Schuman earned all-conference honors for his on-field performance in football as well.
“I would say that my main sport is football,” the senior said. “That’s the one I like the most, spend the most time on.”
In the spring, Schuman competed in both track and baseball, earning all-conference honors in both.
“Doing both is tough,” he said. “I have to say my coaches make it a lot easier for me. They help me a lot and give me the ability to do both, so I really appreciate that.
“Throughout the week you’re traveling every day, it seems like. Baseball twice a week and track, but it’s worth it.”
Schuman’s commitment is so strong that he made a special effort not to let his teammates down last spring.
“He qualified for state in the long jump and did his jumps up in Grand Rapids, then he drove all the way to Kalamazoo to play in the District baseball game,” Guillean said. “That speaks volumes about who this kid is. He did his jumps at 9 a.m. (but did not advance) and made it back to Kalamazoo for a 12:15 game.”
Big shoes to fill
As the youngest of four children of Mark and Gretchen Schuman, the senior was following a family tradition in sports.
Oldest brother Matthew played football, basketball and baseball as well as competed in pole vault and wrestling.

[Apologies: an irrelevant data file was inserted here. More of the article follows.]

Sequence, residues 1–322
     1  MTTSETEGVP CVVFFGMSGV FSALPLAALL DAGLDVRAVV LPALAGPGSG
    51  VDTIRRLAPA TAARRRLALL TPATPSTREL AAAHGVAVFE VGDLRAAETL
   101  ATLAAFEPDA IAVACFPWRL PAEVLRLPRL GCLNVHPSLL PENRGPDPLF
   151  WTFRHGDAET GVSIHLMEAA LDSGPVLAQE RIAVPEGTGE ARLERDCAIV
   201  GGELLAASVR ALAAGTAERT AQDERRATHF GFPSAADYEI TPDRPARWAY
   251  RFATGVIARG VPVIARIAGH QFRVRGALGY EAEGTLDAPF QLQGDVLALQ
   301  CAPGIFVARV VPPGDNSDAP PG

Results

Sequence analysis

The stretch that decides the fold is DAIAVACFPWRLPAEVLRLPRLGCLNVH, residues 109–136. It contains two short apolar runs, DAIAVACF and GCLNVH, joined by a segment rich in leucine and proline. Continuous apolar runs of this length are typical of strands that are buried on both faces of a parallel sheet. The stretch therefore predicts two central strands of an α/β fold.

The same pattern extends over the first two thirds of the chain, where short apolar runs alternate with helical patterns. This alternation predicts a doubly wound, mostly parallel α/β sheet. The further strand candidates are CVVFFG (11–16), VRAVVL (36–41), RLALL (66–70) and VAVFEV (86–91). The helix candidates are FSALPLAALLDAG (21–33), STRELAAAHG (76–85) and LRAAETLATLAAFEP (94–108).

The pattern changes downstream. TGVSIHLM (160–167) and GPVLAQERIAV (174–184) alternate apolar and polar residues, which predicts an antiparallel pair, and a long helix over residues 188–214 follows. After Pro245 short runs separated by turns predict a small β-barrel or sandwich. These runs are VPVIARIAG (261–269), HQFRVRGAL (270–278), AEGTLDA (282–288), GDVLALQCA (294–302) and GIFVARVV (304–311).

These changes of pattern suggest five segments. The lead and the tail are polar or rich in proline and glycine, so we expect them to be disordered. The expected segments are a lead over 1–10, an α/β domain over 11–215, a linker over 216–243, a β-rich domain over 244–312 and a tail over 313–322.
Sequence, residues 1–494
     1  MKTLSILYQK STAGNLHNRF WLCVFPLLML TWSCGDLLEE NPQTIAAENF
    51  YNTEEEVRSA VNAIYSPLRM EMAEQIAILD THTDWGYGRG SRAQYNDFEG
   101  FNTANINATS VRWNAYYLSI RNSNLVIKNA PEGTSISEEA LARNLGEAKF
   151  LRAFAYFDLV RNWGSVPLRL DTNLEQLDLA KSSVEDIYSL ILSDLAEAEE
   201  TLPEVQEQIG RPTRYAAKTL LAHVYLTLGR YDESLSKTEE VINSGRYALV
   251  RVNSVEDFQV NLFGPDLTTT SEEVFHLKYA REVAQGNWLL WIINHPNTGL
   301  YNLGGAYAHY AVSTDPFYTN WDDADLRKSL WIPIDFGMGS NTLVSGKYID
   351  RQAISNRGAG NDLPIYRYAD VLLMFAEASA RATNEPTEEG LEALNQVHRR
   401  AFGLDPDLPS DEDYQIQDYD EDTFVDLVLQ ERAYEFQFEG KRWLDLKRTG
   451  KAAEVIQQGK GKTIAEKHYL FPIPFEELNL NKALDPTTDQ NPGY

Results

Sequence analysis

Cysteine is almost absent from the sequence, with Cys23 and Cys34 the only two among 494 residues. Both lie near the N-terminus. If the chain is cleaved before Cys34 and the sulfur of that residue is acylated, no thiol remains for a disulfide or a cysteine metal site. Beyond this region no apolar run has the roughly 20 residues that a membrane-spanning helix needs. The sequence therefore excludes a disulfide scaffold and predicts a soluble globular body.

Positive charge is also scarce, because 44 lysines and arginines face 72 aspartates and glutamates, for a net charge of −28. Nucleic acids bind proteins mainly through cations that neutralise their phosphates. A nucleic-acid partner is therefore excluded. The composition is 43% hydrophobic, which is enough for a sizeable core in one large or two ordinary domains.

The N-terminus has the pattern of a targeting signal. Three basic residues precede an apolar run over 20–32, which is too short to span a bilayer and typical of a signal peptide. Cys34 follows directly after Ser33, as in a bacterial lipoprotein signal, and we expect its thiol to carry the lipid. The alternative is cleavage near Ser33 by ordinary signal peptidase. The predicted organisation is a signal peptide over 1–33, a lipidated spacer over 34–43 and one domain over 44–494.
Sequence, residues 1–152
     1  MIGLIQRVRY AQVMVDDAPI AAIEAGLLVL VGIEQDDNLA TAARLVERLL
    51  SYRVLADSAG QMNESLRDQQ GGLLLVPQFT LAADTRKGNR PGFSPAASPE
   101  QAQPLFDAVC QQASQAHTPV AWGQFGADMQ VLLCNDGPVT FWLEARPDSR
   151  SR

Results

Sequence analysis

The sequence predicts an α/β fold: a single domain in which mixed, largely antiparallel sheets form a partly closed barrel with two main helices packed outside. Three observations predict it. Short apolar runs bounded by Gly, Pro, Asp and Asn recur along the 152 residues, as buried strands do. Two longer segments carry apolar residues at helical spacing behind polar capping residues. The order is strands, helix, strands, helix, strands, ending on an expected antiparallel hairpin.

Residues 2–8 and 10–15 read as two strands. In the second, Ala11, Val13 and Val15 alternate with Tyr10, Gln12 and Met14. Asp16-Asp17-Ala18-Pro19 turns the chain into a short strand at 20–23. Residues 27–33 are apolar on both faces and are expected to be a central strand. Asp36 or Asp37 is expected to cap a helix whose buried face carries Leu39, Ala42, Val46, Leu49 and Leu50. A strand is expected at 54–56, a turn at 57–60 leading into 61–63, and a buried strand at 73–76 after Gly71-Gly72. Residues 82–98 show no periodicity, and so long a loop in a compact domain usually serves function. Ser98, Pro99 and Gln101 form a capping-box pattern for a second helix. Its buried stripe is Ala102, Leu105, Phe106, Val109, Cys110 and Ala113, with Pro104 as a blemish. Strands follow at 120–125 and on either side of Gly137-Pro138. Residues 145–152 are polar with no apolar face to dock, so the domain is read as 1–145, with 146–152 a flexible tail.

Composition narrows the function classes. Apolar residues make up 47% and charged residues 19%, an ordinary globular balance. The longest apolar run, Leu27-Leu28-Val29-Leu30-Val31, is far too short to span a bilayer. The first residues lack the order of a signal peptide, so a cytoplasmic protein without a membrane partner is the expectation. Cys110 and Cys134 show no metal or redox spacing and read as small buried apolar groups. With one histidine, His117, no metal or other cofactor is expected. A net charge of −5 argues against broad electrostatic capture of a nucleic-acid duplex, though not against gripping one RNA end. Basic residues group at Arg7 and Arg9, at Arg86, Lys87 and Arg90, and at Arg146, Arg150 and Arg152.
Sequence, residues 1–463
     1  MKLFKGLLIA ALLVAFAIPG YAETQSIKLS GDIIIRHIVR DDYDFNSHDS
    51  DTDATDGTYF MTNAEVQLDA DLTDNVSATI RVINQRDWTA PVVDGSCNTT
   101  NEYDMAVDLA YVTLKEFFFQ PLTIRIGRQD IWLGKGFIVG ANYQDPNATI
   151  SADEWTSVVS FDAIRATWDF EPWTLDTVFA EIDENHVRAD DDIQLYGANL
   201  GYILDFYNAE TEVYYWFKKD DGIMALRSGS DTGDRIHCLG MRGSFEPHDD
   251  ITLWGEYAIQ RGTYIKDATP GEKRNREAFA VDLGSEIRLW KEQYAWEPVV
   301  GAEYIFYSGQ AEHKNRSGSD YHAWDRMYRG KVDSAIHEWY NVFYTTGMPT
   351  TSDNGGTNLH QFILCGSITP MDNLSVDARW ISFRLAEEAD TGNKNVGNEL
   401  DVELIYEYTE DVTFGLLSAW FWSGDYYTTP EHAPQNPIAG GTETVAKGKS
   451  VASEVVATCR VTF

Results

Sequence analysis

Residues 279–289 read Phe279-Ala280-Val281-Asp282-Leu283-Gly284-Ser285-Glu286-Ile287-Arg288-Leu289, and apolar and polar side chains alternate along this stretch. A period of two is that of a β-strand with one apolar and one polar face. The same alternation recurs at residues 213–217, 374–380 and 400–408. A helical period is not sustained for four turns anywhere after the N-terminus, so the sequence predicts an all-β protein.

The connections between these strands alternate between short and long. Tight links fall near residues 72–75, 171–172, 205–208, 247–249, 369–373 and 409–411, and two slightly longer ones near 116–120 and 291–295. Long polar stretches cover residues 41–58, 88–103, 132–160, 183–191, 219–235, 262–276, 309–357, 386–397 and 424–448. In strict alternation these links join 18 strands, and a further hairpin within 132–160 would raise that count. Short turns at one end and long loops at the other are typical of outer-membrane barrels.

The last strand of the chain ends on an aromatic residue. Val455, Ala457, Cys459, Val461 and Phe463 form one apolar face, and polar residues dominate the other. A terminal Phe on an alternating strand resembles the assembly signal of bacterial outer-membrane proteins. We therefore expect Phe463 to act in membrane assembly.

Middle bother Christopher competed in football, wrestling and baseball.
Sister Stephanie played basketball, volleyball and softball.
“I like to say they blazed a pretty good trail for me at this high school,” Schuman said.
As for feeling pressure to live up to his siblings, “I used to when I was younger, but now I feel like I’ve made my own way and done enough things to be proud of that I’m happy with it.”
His own way led him to achieve something none of the others did.
He was named the Tigers’ Male Athlete of the Year, just the third junior to earn the boys honor over the last 25 years.
“I was very honored to win that as a junior,” Schuman said. “There were good athletes in the grade above me. I guess hard work pays off.”
Guillean said while Schuman is “darn good at every sport here,” an athlete does not have to be a “top dog” in every sport.
“Learn how to take a back seat,” he said. “Learn how to be a role player. That will make you a better teammate and a well-rounded human being.
“Johnny has that work ethic, in the classroom, on the field, on the court, on the track. It doesn’t go unnoticed and, obviously, he’s reaping the benefits now.”
Pam Shebest served as a sportswriter at the Kalamazoo Gazette from 1985-2009 after 11 years part-time with the Gazette while teaching French and English at White Pigeon High School. She can be reached at email@example.com with story ideas for Calhoun, Kalamazoo and Van Buren counties.
PHOTOS (Top) Lawrence’s John Schuman has participated in five varsity sports during his first 3½ years of high school. (Middle) Lawrence athletic director John Guillean. (Below) Lawrence football and baseball coach Derek Gribler. (Action photos courtesy of John Schuman; head shots by Pam Shebest.)